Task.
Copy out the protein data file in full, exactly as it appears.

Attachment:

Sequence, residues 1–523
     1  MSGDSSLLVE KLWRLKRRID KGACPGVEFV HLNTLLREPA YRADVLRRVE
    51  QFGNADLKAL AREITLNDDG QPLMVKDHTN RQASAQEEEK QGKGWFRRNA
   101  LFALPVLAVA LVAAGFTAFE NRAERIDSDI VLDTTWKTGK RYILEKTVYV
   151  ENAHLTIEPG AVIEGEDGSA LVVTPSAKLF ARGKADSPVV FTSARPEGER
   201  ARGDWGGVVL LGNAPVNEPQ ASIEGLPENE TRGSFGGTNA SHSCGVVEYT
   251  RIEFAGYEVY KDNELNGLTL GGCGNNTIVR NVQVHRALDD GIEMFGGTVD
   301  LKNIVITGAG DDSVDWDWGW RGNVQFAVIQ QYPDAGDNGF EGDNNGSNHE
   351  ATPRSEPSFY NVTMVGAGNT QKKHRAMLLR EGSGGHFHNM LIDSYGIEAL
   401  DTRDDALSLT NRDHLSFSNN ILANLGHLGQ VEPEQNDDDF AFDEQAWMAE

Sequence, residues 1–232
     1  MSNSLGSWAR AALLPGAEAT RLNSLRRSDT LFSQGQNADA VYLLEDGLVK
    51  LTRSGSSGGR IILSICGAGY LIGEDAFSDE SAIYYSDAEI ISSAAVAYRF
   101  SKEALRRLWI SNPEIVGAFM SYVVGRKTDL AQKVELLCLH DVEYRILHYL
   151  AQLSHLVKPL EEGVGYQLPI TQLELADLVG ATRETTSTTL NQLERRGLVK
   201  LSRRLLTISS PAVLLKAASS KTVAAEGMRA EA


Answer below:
Sequence, residues 1–523
     1  MSGDSSLLVE KLWRLKRRID KGACPGVEFV HLNTLLREPA YRADVLRRVE
    51  QFGNADLKAL AREITLNDDG QPLMVKDHTN RQASAQEEEK QGKGWFRRNA
   101  LFALPVLAVA LVAAGFTAFE NRAERIDSDI VLDTTWKTGK RYILEKTVYV
   151  ENAHLTIEPG AVIEGEDGSA LVVTPSAKLF ARGKADSPVV FTSARPEGER
   201  ARGDWGGVVL LGNAPVNEPQ ASIEGLPENE TRGSFGGTNA SHSCGVVEYT
   251  RIEFAGYEVY KDNELNGLTL GGCGNNTIVR NVQVHRALDD GIEMFGGTVD
   301  LKNIVITGAG DDSVDWDWGW RGNVQFAVIQ QYPDAGDNGF EGDNNGSNHE
   351  ATPRSEPSFY NVTMVGAGNT QKKHRAMLLR EGSGGHFHNM LIDSYGIEAL
   401  DTRDDALSLT NRDHLSFSNN ILANLGHLGQ VEPEQNDDDF AFDEQAWMAE

Sequence, residues 1–232
     1  MSNSLGSWAR AALLPGAEAT RLNSLRRSDT LFSQGQNADA VYLLEDGLVK
    51  LTRSGSSGGR IILSICGAGY LIGEDAFSDE SAIYYSDAEI ISSAAVAYRF
   101  SKEALRRLWI SNPEIVGAFM SYVVGRKTDL AQKVELLCLH DVEYRILHYL
   151  AQLSHLVKPL EEGVGYQLPI TQLELADLVG ATRETTSTTL NQLERRGLVK
   201  LSRRLLTISS PAVLLKAASS KTVAAEGMRA EA